Healthcare reform and my expensive education in economics

July 7, 2009

morici— Peter Morici is a professor at the Smith School of Business, University of Maryland School, and the former Chief Economist at the U.S. International Trade Commission. The views expressed are his own. —

America’s healthcare system is broken, but President Obama inspires little confidence with his fix.

Healthcare absorbs 18 percent of GDP—about 50 percent more than in other wealthy countries. Prices are too high and are a terrible burden on jobs creation.

Whether Americans continue to pay through private premiums or new taxes, no fix is real without bringing down prices, substantially.

Sadly, Obama’s plan will force Americans to pay even more and chase more jobs abroad.

The U.S. system in unsurpassed in responsiveness—you can see a doctor quickly—but ranks low, internationally, by many other quality measures—infant mortality, life expectancy and preventable deaths. It is burdened by exorbitant drugs prices, doctors that earn twice their Canadian counterparts, higher administrative costs, and a torts system from hell.

Family doctors increasingly act like unionized civil servants—no evening or weekend appointments and closed two hours at lunch. Private insurers and federal agencies encourage doctors to game reimbursement systems, charge well-off patients concierge fees, and send tough decisions to specialists.

Americans subsidize health care globally by paying most of the costs for developing new drugs. Single payers in Canada and elsewhere force drug companies to charge little more than manufacturing and marketing costs, and they must recoup all their development costs by charging Americans oppressive prices.

Unlike U.S. health insurance companies, single payer systems abroad don’t pay executives salaries in the millions, impose multiple systems of private rationing second guessed by buccaneering lawyers, and create massive paperwork burdens to justify high rates.

Americans have created a “competitive market” for private insurance that is less efficient than the French bureaucracy—what a triumph of free enterprise!

The torts system pays lawyers grandly for curing little, and imposes Orwellian decisions on doctors regarding testing, best practices and care for the terminally ill.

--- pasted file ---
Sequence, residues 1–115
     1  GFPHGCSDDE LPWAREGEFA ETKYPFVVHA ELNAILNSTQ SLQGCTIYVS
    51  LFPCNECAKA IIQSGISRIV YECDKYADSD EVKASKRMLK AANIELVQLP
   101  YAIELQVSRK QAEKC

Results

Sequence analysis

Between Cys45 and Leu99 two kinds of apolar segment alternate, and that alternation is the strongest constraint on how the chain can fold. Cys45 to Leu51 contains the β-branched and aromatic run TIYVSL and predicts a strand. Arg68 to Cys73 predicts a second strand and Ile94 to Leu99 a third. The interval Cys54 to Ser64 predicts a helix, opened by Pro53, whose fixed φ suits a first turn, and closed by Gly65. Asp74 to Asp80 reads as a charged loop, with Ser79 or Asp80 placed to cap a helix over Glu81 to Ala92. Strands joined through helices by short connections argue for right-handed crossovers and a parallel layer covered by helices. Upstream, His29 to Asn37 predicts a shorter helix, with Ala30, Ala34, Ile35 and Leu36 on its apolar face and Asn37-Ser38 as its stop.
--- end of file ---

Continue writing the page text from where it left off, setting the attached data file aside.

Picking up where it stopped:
Some people can’t afford health care but those are hardly all the 46 million uninsured. Many are poor adults and children who should be enrolled in Medicaid, illegal immigrants, and young workers and rich folks who opt out.

Essentially, President Obama would subsidize health care for those who can’t pay without addressing the perverse incentives for doctors, executive salaries, drug prices and torts abuses that make health care too expensive in the first place.

My very expensive education in economics tells me, when prices are too high for an essential service, subsidizing purchases for those who can’t afford it increases demand and pushes prices up even more.

Americans will be stuck paying both higher health premiums and new taxes.

President Obama promises to lower costs down the road in exchange for new taxes to cover the uninsured today.

Remember Wimpy in Popeye: “I’ll gladly pay you Tuesday for a hamburger today.” The children in the theater laughed at the con. Sadly those children are not voting in Congress on Obama’s healthcare plan.


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The Hippocratic Oath decrees “Do no harm or injustice” in the modern English translation. What is the AMA’s position on injustice and their 70 plus year long opposition to public health care. Do physicians absolve themselves from the oath by simply having an office assistant refuse to let an indigent patient see them because of the lack of money or insurance? Can the delay or refusal to treat someone ill cause harm? Having spent many of my years without access to health insurance, the common response from such providers(oxymoron) is ” If your that sick, go to the emergency room”.